Things like medicinal advances aren't necessarily the result of "capitalism," understood as an economic system, as much as they are the result of state sponsored education; while the internets, at least as I understand their development, derived from state sponsored research at universities and the military. Making money off of medicinal advances and the internets, to be sure, rely on capitalism. Unfairly monopolizing the profits of the current economic system relies on "capitalist" obtaining state protection from competition and workers, who want enough to live on. Surely, the first step to imposing humanism on economics requires some sort of discussion that differentiates between dynamism and innovation in the service of the greatest good the smaller number and the greatest good for the greatest many, no?

By the way, the comments are well worth reading particularly for a robust and, as near as I can tell, correct defense of Marx's labor theory of value from Quiggan's  familiar and far to off-handed dismissal.

The comments are now closed over there but toward the end Quiggan asks, in the service of disproving Marx's point about increasing number and quality of capitialism's crises, if the current mess is as bad as the great depression. One commentator makes the perfectly sensible point that it's early days yet.

The recent job report for these United States, long may its commitment to alternative transportation wave, is pretty darned dire and all the policies that mitigate the damage done by capitalism's periodic crises are being rolled back world wide, which -- combined with the austerity mania -- suggests that we've not nearly reached our nadir. Added to that that here the attacks on unions, loss of decently paying jobs, and commitment to disenfranchising anyone who might maybe vote for more sensible politicians suggests that, in fact, things are going to get and stay worse. Where is the FDR, a man who changed his mind about balanced budgets and state intervention, of today?

Here in Wisconsin: Welcome to the Chain Gang Edition

Shortly after the war against the treasonous Southerns and there indefensible slave holding economy concluded some the previous slave holder decided that the answer was to use prisoners as quasi-slaves. Thanks to the Fitzgeralds, Scott Walker and the Koch Brothers those happy days are here again:

As the Madison Capital Times reports, “Besides losing their right to negotiate over the percentage of their paycheck that will go toward health care and retirement, unions also lost the ability to claim work as a ‘union-only’ job, opening the door for private workers and evidently even inmates to step in and take their place.” Inmates are not paid for their work, but may receive time off of their sentences.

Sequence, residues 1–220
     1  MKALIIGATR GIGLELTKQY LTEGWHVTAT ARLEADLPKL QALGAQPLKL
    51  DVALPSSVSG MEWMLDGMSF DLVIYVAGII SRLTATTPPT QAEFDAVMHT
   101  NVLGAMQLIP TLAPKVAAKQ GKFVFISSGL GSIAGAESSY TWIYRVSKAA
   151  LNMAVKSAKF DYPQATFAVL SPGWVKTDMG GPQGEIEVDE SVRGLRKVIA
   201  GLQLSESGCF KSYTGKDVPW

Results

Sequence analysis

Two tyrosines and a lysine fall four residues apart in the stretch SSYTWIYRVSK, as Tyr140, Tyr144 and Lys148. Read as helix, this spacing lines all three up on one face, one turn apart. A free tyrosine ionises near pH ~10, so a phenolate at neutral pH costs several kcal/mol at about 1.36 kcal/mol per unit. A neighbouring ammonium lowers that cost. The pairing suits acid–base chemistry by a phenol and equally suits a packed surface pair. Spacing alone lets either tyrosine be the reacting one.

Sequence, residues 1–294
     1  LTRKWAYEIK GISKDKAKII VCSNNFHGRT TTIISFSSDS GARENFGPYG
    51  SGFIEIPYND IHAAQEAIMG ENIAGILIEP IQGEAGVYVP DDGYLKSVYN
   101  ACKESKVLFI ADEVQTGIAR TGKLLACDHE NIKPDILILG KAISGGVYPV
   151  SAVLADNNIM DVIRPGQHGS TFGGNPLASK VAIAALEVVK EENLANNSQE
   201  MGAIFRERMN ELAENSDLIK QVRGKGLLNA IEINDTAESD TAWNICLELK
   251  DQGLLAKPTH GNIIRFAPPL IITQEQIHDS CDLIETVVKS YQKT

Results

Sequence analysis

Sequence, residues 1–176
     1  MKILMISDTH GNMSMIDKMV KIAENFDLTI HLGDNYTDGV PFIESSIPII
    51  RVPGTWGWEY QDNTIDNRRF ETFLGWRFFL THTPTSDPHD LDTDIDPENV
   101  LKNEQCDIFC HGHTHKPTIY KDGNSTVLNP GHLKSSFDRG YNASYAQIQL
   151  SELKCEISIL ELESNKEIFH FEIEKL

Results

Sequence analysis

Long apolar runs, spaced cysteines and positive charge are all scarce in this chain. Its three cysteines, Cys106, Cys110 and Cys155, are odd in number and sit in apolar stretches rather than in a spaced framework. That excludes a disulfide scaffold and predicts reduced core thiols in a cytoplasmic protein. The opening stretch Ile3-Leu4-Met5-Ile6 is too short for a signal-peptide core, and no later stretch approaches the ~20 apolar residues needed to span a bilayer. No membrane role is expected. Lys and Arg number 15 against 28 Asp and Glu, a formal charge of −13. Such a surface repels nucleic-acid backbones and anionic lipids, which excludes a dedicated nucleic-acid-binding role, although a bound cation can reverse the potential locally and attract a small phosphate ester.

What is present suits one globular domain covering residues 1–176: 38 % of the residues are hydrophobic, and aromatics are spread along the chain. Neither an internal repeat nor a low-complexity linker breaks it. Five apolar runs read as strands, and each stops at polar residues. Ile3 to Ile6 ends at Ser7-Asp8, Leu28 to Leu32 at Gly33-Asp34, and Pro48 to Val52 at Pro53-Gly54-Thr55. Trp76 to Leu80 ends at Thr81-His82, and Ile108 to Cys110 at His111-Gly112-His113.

The law went into effect last week, and Racine County is already using inmates to do landscaping, painting, and another basic maintenance around the county that was previously done by county workers. The union had successfully sued to stop the country from using prison labor for these jobs last year, but with Walker’s new law, they have no recourse. 
Onward into the fog, as it were, as the Right returns America to those thrilling days of yore when the state functioned as the property owners' business manager.

New Ride

Mine, that is. Nearly perfect, it needs only a  front rack. Oh, and as by the way, I've had just about enough of the bike shop boyos who are under the impression that they know more about how I ride my bike than I do and, whatismore, have no idea how disc brakes work.

Monday, July 4, 2011


Via Ecovelo comes the latest from the Copenhagen government on the most cycling friendly city known to humanity, or so it seems. In which we find this:

Why Copenhageners cycle
It’s faster 55 %
It’s more convenient 33 %
It’s healthy 32 %
It’s cheap 29 %
Good way to start the day 21 %
Shortest route to work after
changing job or residence 10 %
Environmental/climate concerns 9 %
What Copenhageners
like about cycling
It makes me feel good 26 %
It de-stresses me, it’s relaxing 20 %
I discover the city 19 %
Lots of cycle tracks 18 %
I experience the seasons 18 %